The primary purpose of this manuscript is to describe the design and prototyping process of creating a completely 3-D printed external fixator for fracture stabilization of extremity fractures. When trying to replace the current medical devices, utilizing carbon fiber and stainless steel, with readily available desktop 3-D printing filament, several re-design considerations needed to be undertaken to compensate for the weakness of plastic filament materials. Similarly, special considerations needed to be given to component design to facilitate the printing processes with Fused Deposition Modeling (FDM) desktop printers. For example, keeping scaffolding supports to a minimum to decrease post-processing work was incorporated into the design. Also, keeping all parts on two print platforms or less was important. The secondary objective of this manuscript is to facilitate future advancement, modifications, and innovations in this orthopaedic care area.
A review was performed on current industry external fixator devices to develop design ideas and project objectives. Autodesk Fusion 360 (Autodesk Inc., San Francisco, California) was utilized to perform the computer aided design process. Each component was saved as a Standard Tessellation Language (STL) format file. The STL files were imported into PrusaSlicer Version 2.5.1 (Prusa Research, Prague, Czech Republic). Print layout was optimized to facilitate strength with the FDM printing orientation.
A goal for this project was to use 3-D printing materials and equipment that are readily available to people with basic 3-D printing experience. Once this method was established, a review was performed on common low-cost filaments and commonly utilized desktop FDM printers.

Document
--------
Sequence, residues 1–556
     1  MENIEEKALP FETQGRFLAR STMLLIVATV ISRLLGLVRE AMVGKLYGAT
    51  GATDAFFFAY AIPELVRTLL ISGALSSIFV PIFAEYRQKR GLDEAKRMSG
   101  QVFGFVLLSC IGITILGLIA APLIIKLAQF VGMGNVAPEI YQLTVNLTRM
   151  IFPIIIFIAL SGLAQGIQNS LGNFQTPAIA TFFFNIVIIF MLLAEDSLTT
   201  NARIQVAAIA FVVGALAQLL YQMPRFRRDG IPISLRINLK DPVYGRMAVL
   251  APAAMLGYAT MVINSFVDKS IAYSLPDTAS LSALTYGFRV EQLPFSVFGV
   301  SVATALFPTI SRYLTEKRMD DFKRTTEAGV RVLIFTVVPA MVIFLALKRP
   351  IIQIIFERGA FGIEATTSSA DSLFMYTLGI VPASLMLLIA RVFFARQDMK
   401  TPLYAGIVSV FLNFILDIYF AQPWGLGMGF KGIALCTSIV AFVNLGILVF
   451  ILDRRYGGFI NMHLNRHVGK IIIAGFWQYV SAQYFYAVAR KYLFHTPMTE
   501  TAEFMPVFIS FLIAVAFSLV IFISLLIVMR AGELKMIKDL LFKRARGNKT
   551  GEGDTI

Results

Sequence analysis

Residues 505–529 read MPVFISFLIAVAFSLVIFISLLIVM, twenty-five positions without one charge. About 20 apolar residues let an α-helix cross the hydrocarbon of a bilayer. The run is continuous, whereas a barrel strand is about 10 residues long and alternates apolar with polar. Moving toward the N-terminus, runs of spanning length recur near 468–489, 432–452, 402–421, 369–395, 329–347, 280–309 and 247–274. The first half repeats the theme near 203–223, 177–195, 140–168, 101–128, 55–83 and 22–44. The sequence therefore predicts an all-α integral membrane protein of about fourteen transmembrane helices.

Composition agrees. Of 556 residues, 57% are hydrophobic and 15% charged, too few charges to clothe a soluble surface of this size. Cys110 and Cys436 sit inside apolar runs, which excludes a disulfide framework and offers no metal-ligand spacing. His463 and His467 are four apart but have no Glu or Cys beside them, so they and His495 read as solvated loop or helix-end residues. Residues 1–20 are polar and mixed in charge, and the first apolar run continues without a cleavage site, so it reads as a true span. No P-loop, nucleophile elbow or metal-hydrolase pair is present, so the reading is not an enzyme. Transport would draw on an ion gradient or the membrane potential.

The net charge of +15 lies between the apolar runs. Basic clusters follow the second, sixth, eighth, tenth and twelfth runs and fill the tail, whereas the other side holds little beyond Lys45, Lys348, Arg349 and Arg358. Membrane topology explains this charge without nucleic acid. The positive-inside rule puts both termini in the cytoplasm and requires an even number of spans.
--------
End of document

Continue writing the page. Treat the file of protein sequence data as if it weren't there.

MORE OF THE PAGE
The 3-D printer selected and utilized for all prototype design and printing was the Prusa MK3S+ (Prusa Research, Prague, Czech Republic). The filament utilized in all prototypes was Overture PolyLactic Acid (PLA) 1.75 mm (Overture 3D Technologies LLC, Missouri City, Texas, USA). No modifications were made to the Prusa printer or the filament. The smooth flexible print bed was utilized for printing. Prepopulated “Prusament PLA” print settings were utilized including hot-end temperature of 215OC and print bed temperature of 60OC. Calibration for the printer was performed in industry recommended standard fashion. The prints were run at 80% speed for the first layer to facilitate adhesion and then increased to 100% speed for the remaining layers.
All file designs and 3-D printed components were assessed and inspected by the author (NWS), an American Board of Orthopaedic Surgery - Board-Certified orthopaedic surgeon in the United States of America. Inspection included visual observations, design considerations for 3-D printing, and manual loading to replicate qualities of loading experienced in the operating room when the device is applied during surgery. Devices were excluded and discarded until a device that met the following objectives was obtained:
The device needed to attach to 5.0 mm metal pins allowing for various spacing of these pins.
The device needed to maintain a stable length, prevent bending moments, and resist torsional forces once applied to the pins.
The device needed to allow for various angles of application with respect to the metal pins and the device had to allow for varying lengths to accommodate a wide arrangement of fracture patterns.
The external fixator needed to have size scalability to apply to upper and lower extremity fractures.
To facilitate printing and limit post-processing, design iterations should focus on compact print bed layout and limit the need for scaffolding material with the prints.
Finally, a focus should be made on 3-D printing the entire external fixator kit without needing additional supplies for application.
Medical grade trauma external fixators are comprised of three main elements; (1) Metal pins that are placed into the stable bone surrounding the fracture, (2) Clamps that attach to the metal pins, and (3) Extension rods that attach to the clamps on the pins and span the area of the fracture for stability.